The first of this week’s top five is Marcassin Vineyard’s Chardonnay with a score of 893. Though it beats the other four wines in all three Wine Lister score categories (Quality 927; Brand 843; Economics 903), its Economics score sits 123 points above the next best Economics performer. This is thanks to achieving the highest market price of £335 per bottle (in-bond), and the largest volume of bottles traded in the past four quarters (353).
In second place is Kongsgaard Chardonnay with a score of 834. At vintage level it actually achieves the highest Quality score of all wines in the group – the 2013 earns 966 points, thanks to a score of 95+ from Wine Lister partner critic Antonio Galloni, who calls it “a real knock-out”. This is all the more impressive considering the wine’s average price of £93 per bottle in-bond – just over half the average of the group’s other four wines combined (£168). Given this price to quality ratio, it is perhaps unsurprising that Kongsgaard has the strongest restaurant presence of this week’s top five, featuring in 15% of the world’s best.
Next in this week’s top five is the first of two wines from Kistler Vineyards. Its straight Chardonnay and McCrea Vineyard Chardonnay earn 791 and 743 points respectively, placing them third and fifth. The straight Chardonnay’s Quality score of 892 sits just two points under the quality achieved by Kongsgaard, however its overall score is balanced by a much lower Economics score of 640. This is due to a recent price drop, resulting in short-term price performance of -10.3%. The performance of its sibling from McCrea Vineyard is quite the opposite, with the best short-term price performance of the group (7.7%), and the second-highest Economics score of this week’s top five (780).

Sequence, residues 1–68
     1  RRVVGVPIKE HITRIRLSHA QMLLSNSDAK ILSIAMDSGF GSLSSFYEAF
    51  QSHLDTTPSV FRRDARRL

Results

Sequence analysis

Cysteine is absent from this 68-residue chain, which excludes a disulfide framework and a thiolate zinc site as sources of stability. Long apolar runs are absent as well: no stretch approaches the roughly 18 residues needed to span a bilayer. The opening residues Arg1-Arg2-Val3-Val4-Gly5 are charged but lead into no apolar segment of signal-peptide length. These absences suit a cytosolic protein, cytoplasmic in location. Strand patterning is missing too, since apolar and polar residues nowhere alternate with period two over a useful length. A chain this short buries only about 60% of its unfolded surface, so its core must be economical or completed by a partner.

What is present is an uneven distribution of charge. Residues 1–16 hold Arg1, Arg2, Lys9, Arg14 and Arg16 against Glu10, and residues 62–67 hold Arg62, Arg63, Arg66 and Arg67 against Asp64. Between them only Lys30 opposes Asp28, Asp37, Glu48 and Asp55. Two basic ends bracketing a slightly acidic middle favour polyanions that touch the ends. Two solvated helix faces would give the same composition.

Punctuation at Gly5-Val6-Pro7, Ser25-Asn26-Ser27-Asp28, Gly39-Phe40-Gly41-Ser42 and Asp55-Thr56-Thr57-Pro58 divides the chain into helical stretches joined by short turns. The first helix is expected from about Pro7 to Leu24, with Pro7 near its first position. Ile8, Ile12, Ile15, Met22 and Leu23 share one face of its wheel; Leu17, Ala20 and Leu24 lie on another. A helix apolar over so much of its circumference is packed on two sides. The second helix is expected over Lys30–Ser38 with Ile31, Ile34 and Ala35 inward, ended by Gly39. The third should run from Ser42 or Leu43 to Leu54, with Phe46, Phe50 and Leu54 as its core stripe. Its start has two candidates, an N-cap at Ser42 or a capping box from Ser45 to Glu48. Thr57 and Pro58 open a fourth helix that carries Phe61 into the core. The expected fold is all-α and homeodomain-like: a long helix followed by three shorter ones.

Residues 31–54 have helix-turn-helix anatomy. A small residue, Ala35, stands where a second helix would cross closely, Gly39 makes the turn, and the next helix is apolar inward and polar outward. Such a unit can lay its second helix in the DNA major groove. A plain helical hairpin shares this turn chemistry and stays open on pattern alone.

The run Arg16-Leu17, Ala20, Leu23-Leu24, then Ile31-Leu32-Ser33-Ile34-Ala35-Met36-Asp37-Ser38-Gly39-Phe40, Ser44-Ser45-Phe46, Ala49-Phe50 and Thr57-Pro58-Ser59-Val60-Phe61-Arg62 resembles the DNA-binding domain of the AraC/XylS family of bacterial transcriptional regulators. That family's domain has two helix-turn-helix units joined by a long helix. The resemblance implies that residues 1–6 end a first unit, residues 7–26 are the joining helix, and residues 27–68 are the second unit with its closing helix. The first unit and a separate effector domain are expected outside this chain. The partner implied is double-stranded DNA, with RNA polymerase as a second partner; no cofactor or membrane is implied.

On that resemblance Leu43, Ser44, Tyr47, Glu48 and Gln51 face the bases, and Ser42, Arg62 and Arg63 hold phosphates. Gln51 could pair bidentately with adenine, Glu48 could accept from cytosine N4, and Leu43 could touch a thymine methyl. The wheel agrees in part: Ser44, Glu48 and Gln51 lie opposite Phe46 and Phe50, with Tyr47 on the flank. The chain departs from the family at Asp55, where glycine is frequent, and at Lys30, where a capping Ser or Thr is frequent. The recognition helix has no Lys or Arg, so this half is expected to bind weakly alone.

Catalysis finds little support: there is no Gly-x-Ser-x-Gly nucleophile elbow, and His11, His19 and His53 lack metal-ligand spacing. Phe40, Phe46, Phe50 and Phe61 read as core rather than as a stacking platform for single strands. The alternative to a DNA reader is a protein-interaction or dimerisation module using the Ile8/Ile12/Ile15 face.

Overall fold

Sandwiched between the two Kistler wines in fourth place is Peter Michael’s Belle Côte Chardonnay with an in-bond price of £108 per bottle, and a Wine Lister score of 770.
Analysis of Dominus 2015, which was released late last week at £183.33 per bottle, with a Quality score of 988.